Hence, where are we? Despite zero evidence of Trump or his aides colluding in the hacking, a counterintelligence investigation is evolving into a criminal investigation. Mueller is now hiring veteran investigators and prosecutors specializing in white-collar crime.
This is not a witch hunt. It is an Easter egg hunt on the White House lawn, where the most colorful eggs are likely to be the tax returns and the financial records of Trump, who built a real estate empire in a town where winners brag about how they gutted the losers.
Every enemy of Trump is going to be dropping the dime on him to Mueller. Moreover, there is no history of special counsels being appointed and applauded by the press, who went home without taking scalps.
Trump understands this. Reports of his frustration and rage suggest that he knows he has been maneuvered, partly by his own mistakes, into a kill box from which there may be no bloodless exit.
What Trump needs is a leader at Justice who will confine the Mueller investigation to the Russian hacking, and keep Mueller’s men from roaming until they hit prosecutorial pay dirt.
Consider now Trump’s narrowing options.
He can fire Jeff Sessions. But that will enrage Trump’s base to whom the senator is a loyal soldier. And anyone Trump nominates as AG would not be confirmed unless he or she pledged not to interfere with Mueller.
He could direct Rosenstein to fire Mueller. But Rosenstein would assume the Elliot Richardson role in the Saturday Night Massacre, when that AG refused to fire Special Prosecutor Archibald Cox, resigned, and was canonized as a martyr by the Never-Nixon media.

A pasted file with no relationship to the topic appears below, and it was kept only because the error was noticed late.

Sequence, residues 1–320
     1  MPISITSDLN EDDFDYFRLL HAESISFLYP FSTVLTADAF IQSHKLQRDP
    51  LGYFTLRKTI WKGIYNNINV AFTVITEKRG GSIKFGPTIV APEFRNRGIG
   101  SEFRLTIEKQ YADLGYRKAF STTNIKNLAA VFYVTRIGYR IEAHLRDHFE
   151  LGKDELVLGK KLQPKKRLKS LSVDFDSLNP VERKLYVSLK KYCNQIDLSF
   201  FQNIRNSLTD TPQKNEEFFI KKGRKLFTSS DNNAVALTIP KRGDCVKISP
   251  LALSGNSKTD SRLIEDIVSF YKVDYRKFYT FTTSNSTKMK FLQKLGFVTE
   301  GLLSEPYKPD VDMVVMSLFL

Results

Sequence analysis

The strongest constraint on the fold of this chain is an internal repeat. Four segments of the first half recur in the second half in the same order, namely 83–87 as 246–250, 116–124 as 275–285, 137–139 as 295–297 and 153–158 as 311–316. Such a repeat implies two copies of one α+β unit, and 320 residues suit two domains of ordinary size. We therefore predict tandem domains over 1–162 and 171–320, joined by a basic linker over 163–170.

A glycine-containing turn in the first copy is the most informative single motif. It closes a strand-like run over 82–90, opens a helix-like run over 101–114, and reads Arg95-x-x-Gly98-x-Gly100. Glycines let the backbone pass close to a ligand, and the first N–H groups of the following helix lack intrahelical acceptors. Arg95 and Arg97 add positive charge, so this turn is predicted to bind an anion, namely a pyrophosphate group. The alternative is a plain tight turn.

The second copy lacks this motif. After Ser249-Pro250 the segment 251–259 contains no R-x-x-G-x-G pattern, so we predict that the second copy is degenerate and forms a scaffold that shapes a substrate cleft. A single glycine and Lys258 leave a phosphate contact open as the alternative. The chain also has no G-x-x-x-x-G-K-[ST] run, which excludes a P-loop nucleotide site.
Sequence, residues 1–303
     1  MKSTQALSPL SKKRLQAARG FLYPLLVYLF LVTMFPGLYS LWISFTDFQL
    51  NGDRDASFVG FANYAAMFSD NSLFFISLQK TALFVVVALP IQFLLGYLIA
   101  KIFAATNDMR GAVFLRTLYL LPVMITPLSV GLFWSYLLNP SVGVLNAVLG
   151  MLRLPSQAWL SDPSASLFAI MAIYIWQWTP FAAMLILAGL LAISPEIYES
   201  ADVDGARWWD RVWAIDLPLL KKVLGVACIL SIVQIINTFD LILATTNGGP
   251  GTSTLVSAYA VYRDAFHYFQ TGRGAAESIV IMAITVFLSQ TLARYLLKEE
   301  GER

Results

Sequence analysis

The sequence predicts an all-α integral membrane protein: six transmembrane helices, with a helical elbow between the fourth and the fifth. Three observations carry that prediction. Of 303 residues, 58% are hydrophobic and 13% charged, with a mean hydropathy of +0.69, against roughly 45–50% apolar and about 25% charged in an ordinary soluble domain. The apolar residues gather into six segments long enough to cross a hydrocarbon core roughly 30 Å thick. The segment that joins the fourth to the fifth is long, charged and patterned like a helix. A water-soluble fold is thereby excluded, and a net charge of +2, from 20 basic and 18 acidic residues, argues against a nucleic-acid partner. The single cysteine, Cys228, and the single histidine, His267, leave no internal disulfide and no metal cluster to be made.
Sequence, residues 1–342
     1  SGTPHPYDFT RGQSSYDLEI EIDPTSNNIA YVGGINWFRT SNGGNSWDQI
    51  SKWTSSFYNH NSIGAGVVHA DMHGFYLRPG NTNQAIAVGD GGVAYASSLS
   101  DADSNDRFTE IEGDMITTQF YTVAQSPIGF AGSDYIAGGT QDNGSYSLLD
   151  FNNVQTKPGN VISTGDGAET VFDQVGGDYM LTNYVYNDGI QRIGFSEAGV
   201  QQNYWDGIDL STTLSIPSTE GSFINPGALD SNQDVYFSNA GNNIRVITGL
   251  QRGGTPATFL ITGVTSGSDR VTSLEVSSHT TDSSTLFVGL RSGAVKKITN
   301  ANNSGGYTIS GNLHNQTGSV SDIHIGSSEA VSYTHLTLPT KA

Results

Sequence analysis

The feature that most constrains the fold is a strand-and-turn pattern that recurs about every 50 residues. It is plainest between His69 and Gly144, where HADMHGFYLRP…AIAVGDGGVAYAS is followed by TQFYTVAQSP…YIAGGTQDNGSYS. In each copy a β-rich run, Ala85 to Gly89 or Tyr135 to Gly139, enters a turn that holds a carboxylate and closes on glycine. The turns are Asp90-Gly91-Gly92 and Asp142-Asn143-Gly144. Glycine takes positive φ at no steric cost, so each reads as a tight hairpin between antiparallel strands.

Even if Trump finds a Justice Department loyalist to play the role of Solicitor General Robert Bork, who carried out Nixon’s orders and fired Cox, this would only mean Mueller’s departure. Mueller’s staff of prosecutors and investigators would still be there, beavering away.
When Archibald Cox was fired, Nixon ordered his entire office shut down. Yet, within days of the firestorm, it was up and running again with a new special prosecutor. And impeachment resolutions were blossoming in the House.
Another Trump option would be to leave Mueller alone and hope for a benign outcome. But from reports of his rage at the recusal of Sessions and unwillingness of Rosenstein to restrict Mueller to the Russian hacking scandal, Trump seems to sense that an unrestricted investigation represents a mortal threat to his presidency.
And all the talk of impeachment and pardons suggests that this city can also see what lies over the next hill. After all, we have been here before.
From his history, Mueller is not a man to be intimidated by charges of bias. These will only steel his resolve to pursue with his subpoena power every document he wants, including tax returns, until he has satisfied himself.
The president is unlikely to view this process with indulgence, and patience does not appear to rank high among his virtues.